The birthday fun continued through the weekend, and it culminated in the one gift I gave to myself.
The PowerPuff mail order bride I sent away for finally arrived!
I call her "Buxom."
She calls me, "Quan Toe Pei." Which I think means, "Handsome guy who paid $995 for my hand in marriage" in some other language.
We're going to be very happy together.
Except that she doesn't have discernable fingers or toes.
That's okay. Love always finds a way.
At first it felt like a mistake because the people there were so serious and everybody who went on stage seemed like they were completely on their game.
Chuy had recommended The Common Interest, a karaoke bar way up north, far from my usual haunts. I invited some folks, and all told about ten of us were there, crammed into a narrow table shoved against the stage. Our waitress took our orders and we try to get acclimated.
I'm used to doing the karaoke 'thang around people I know, small groups of mostly comedians whose goal is to get up on stage and make everyone laugh. This was a completely different scene. These were talented singers going on stage, strutting their stuff, going for big applause. It was obvious man of them were regulars, maybe of some karaoke circuit I know nothing about.
My group, some of whom had never even seen live karaoke, suddenly clammed up, having previously assumed that karaoke was for the talentless. No, in my experience karaoke attracts several kinds of people: Those who love it and are casual, those who are embarrassed and only get on stage when very drunk and the people we found that night: The hardcore karaoke junkies.
But as the night wore on, as drinks were piled on the table and plied into our systems, things loosened up. I did "Wicked Game," one of my standbys, and interjected as much levity as I could (including trying to get the audience to join in on the high part and pointing out people in the crowd that I had no intention of falling in love with). I think people appreciated the goofiness because soon after, other people were going on stage and making asses of themselves. (Including the literal asses we made of ourselves when Jessica sang "Baby Got Back," and Rebecca, Gissela and I provided backup dancing, including shaking our asses and slapping each other on the rears.)
At midnight, the DJ declared a cease fire and put on some dance music for people to go onstage and shake their thing. Then the karaoke started up again and I gave a long-distance tribute to djb with a rendition of the now-classic karaoke jam, "All Night Long" by Lionel Richie. It is a song that, as djb has proven again and again, is guaranteed to get 80s babies out of their seats an onto the dance floor. This night proved no exception. On the gobbledy-gook part in the middle, the only word I could make out was "Jumbotron." I kept repeating that word again and again and tried to get the crowd to raise the roof.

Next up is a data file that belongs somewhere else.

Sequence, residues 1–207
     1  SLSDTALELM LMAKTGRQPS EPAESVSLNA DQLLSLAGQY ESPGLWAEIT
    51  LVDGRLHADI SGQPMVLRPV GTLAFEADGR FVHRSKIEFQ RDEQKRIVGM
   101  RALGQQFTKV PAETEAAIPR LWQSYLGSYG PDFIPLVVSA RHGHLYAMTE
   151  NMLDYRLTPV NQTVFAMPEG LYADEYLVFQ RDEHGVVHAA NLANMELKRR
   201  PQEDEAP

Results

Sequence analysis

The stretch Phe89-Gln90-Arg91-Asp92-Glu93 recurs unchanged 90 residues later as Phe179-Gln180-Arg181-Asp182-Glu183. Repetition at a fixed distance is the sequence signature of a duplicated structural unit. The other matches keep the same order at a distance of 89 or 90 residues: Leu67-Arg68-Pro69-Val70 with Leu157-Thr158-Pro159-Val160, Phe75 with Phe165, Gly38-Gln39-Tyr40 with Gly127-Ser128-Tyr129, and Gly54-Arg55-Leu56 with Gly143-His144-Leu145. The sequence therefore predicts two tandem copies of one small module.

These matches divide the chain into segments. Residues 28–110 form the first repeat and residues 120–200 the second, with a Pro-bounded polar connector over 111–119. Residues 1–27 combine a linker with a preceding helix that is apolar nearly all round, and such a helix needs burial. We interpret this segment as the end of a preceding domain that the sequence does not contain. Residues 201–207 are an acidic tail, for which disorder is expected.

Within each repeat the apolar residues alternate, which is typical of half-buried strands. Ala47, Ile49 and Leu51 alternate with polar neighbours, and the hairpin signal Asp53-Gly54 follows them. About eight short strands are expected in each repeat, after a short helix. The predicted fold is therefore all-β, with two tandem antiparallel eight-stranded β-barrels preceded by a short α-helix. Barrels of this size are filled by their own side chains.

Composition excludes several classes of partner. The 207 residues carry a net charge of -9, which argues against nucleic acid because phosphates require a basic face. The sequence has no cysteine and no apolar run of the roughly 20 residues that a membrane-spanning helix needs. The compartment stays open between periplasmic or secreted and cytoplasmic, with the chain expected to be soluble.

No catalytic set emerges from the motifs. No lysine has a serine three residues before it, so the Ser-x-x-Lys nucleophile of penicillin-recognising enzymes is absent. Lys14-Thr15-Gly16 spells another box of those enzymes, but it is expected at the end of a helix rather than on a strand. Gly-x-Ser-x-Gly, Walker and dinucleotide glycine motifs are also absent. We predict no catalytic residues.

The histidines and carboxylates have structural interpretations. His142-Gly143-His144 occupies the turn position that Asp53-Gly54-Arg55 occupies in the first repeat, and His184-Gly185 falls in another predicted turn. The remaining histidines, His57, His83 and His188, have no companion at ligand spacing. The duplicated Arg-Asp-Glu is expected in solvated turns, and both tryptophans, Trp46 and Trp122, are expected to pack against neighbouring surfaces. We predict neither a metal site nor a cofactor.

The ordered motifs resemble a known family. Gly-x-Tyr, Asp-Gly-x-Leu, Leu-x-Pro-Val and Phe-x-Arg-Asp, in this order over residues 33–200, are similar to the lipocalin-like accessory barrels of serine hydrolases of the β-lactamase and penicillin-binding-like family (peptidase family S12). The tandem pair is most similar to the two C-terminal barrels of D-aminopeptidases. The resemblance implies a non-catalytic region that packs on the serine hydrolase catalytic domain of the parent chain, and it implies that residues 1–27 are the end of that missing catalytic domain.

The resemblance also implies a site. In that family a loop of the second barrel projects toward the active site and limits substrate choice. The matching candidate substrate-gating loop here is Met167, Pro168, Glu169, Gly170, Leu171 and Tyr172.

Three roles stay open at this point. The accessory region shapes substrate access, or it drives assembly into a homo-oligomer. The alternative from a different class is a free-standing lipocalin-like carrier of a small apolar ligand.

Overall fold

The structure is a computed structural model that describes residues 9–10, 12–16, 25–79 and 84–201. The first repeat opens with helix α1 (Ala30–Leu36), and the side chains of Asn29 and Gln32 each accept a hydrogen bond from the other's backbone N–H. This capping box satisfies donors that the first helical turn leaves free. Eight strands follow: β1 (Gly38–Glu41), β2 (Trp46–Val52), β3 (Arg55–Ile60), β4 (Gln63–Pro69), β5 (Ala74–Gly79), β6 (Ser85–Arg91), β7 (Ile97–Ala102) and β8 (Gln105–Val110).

About the crowd: Very late 20s/early 30s. A few older folks. A few groups of women out for an obvious "ladies' night out." A few cowboys. And then us, the group that cheered loudly for anybody who went on stage and yelled out the name of whoever was singing. We were right in front, so we made ourselves heard.
I was exhausted by the end of the night: I'd gotten up early to shoot an LCP sketch at the district court (we had full run of the place on a Saturday! Shhh... don't tell anyone that I put on some judges' robes I "borrowed" from an open office.) I'd spent the evening at dinner. By 1 a.m., I had a headache. I'd had too much to drink. The smoke was burning my eyes. But, damn, I was having so much fun.
A guy who looked a lot like Tim McVeigh got on stage and sang "Funky Cold Medina." It was the single most brilliant performance I've ever seen of anything in any medium. He just got up there and when he couldn't keep the song going, he just started screaming it. "Funky Cold MEDEEEENAA!" And he did this little loose dance. It was genius, I tell you. We couldn't stop laughing.
Still, I'm not sure what it is about the karaoke that makes me so happy. I was there with a group of my closest friends. Some of them had never been exposed to it. And every one of them was laughing. Most everyone went on stage at least once. We were in an unfamiliar place with a roomful of strangers, and the intimacy of the music, the proximity to the stage, the willingness to share one of the biggest human fears: Performance in front of a group. It is always magic to me.
There aren't a lot of things that are pure fun and that don't have some kind of real cost. Karaoke ain't free, but it sure as Hell is cheap. And it was the most fun I've had in a very long time.
I put in a request, my third for the night, for "If You Don't Know Me (Omar's patented Ike Turner Mix)," but we never got to it.
But I did get a comment from the DJ: "Hey, Omar, right? You're a cool guy," he said. That was the ultimate birthday gift: Getting props from the karaoke DJ.
Cosa hasn't been moving around much lately. In fact, she hasn't moved around at all or even been breathing for that matter. I think she's just resting. She's probably still just conserving energy. I imagine a hunger strike takes a lot of energy, what with all the not eating and all.
I mean, seriously, I wouldn't know. I just ate a big bowl of Pasta Milano at Macaroni Grill last night. I don't know the first thing about hunger.
I got a letter in the mail yesterday. Wanna hear it?
"What do you mean we don't have peanut butter? Next time a blizard's coming, I'm doing the grocery shopping."